First Ride

2011 Ducati Diavel

customary among the cruiser cult, you're not going to lock anything up. Add in that long wheel-base and the low seat, and the result is great stability even when stopping the Diavel from upwards of 75 mph into a downhill hairpin en route down to the coast again from Ronda. This sets new standards in stopping for a real-world streetbike.

The Diavel is also a new benchmark for cruiser-class handling, and that's in spite of steering geometry that's rangier than on anything yet to leave the Bologna assembly lines. With that long wheelbase and a 28-degree rake to the meaty, fully adjustable, 50mm Marzocchi forks (which feature 120mm of wheel travel, with copious amounts of trail added), you'd expect the Diavel to be a real handful in tight corners along city streets or mountain roads - but it isn't. Instead, even riding it as I did later that day up another much slower mountain road, full of second-gear hairpins, demonstrated this is a bike you won't have to muscle around to get it to steer. Ditto for when Urban mode is selected for a bit of chilled-out boulevarding...

It is indeed a kind of custom-class Superbike.

But the devil is in the detail on the Diavel, and not only in terms of the literally awesome performance package it delivers, but also the optimum fit and finish of the whole bike, including its numerous design touches that prospective owners will relish. Like the clever fold-out passenger footpegs and retractable grab handle behind the seat, which except when used don't spoil The Look. Or the seamless cover that pulls off the passenger seat to expose it; or the brushed aluminum radiator shrouds, cast aluminum mirrors (which don't vibrate and are very effective), steel fuel tank, etc.

Ducati is justly proud that what you see is what you get in terms of materials, and there are almost no plastic parts. Or the LED running lights set horizontally across the single Porsche-esque headlamp, matched by the incredibly bright LED turn signals and tail-lights that are practically invisible when not illuminated. Or the so-distinctive single-sided aluminum license-plate mount with integrated LED that doubles as a rear fender, while matching the cast aluminum single-sided swingarm it's mounted to. Or the trademark trellis frame, the cast aluminium clutch and brake fluid reservoirs, the keyless Harley-type security system - the list goes on and on.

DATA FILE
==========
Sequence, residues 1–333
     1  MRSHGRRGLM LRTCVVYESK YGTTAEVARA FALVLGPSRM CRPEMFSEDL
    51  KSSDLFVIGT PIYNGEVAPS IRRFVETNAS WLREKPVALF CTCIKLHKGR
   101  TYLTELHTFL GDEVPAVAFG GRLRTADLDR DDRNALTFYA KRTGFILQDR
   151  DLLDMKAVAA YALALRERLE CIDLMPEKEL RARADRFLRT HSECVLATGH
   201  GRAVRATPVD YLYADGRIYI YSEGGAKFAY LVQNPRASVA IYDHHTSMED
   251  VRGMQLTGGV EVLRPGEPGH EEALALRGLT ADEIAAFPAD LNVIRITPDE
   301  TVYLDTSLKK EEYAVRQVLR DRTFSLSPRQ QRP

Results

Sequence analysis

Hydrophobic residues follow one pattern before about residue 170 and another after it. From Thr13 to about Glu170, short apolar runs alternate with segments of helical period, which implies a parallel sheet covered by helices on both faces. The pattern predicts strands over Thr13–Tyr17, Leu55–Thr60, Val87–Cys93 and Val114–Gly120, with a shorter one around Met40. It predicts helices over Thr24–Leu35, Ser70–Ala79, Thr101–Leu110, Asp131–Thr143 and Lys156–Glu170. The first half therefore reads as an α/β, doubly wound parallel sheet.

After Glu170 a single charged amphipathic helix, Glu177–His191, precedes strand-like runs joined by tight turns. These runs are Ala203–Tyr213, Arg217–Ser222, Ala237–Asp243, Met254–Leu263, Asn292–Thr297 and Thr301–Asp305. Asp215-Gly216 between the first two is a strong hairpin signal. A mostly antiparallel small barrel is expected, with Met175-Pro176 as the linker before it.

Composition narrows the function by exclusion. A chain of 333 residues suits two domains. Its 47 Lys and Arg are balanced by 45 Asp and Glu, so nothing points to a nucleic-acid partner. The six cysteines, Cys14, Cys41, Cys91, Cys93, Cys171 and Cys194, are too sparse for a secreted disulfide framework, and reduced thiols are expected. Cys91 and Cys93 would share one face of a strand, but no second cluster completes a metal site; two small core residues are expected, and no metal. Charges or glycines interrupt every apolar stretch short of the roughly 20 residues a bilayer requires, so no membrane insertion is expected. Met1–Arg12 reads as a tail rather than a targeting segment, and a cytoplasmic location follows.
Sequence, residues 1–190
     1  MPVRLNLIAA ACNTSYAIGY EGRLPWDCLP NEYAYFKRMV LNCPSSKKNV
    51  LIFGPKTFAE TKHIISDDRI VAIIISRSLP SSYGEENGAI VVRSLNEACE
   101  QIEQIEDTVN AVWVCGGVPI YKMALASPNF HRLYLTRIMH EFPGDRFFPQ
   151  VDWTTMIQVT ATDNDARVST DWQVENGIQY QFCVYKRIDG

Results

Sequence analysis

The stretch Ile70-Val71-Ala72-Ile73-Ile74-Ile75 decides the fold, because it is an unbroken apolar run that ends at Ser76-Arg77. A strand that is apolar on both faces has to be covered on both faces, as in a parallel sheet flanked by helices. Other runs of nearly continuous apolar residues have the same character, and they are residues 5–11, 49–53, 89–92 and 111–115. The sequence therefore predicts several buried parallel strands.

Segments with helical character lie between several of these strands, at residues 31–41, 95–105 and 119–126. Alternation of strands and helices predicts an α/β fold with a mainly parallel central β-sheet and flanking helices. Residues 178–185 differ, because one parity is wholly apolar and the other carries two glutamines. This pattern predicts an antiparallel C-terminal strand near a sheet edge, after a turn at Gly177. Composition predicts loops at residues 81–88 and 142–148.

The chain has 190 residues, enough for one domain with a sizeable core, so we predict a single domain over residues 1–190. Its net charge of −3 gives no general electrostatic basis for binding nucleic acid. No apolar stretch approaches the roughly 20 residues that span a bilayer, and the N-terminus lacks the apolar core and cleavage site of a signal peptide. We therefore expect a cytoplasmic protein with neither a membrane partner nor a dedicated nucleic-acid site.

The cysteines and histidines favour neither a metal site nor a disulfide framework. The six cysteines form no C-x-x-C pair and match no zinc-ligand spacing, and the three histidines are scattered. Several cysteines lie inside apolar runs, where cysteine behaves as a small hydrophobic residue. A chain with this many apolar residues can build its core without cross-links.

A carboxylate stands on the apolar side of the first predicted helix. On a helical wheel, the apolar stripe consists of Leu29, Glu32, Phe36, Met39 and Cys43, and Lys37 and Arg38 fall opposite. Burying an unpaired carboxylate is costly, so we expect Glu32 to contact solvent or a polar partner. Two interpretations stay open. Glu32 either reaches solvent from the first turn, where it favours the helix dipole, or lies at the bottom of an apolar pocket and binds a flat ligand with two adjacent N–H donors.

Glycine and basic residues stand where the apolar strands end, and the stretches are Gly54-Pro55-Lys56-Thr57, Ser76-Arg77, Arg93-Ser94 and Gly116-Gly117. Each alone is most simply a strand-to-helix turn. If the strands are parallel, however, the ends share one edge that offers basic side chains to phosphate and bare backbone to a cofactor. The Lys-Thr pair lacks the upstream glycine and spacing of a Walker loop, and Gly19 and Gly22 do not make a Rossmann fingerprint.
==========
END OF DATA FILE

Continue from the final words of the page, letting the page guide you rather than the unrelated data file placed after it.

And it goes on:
Ducati has made sure that what for them is very much a flagship model in a new segment for the company, while showcasing the latest technology, is tailored to entice the older, more affluent customers in the premium cruiser sector, without at the same time straying too far away from its traditional sportbike clientele.

It's a difficult trick to pull off, but after riding the Diavel nobody will be able to say Ducati didn't give it their best shot. And Ducati dealers absolutely need to ensure they have a Diavel test bike available to get the message across. This is a motorcycle that's completely unlike anything that's been made before, and you have to try it to believe it. CN

POST ENTRIES 9 a.m. - 4 p.m. ¥ APRIL 12 - PRACTICE 9 A.m.




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